The U.S. Department of Energy on Friday disclosed that it would spend $425 million on advanced supercomputer technology and build two super-computers, which would be the world’s fastest, for research into basic sciences as well as nuclear weapons.
The bulk of the funding, $325 million will go to two International Business Machines Corp. systems, expected to begin in 2017, at Lawrence Livermore National Laboratory and Oak Ridge National Laboratory. The project named “Coral” will also include technology from chip maker Nvidia Corp. and will carry out calculations five to seven times faster than the present most advanced U.S. systems.
The remaining $100 million will go to research into “extreme scale supercomputing” technology as part of a program called FastForward2, the DOE said in a news release. The two supercomputers named as “Summit” and “Sierra”will operate at 150 petaflops and 100 petaflops, respectively which is way better than the world’s current top super-computer, the Tianhe-2 in China, which performs at 55 petaflops, Nvidia said in a separate news release.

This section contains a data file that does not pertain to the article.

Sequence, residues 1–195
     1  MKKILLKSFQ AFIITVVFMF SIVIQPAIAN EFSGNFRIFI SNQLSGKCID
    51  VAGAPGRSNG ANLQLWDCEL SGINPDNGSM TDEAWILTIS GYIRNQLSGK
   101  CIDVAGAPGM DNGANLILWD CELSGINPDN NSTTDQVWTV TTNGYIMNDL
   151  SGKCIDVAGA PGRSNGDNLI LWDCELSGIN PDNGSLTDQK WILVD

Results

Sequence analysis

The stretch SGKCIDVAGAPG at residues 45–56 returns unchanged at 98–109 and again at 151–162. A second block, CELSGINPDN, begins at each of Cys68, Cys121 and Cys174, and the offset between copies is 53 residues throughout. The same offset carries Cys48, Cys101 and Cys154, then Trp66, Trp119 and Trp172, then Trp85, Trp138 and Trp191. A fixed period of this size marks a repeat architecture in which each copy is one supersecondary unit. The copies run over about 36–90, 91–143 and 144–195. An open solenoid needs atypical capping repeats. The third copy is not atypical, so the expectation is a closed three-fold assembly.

Nvidia in recent years has developed chips suitable for parallel processing on supercomputers and in data centers and has also been working with IBM to develop future chip offerings for high-end enterprise customers.
The United States, Japan and China have long battled to have the fastest supercomputer, and officials said the United States will again pull ahead by the time these machines are operational in 2017.
Energy Secretary Ernest Moniz, at an event in Washington, D.C., said in that they would encourage the development of transformational advancements in basic science, national defense, environmental and energy research.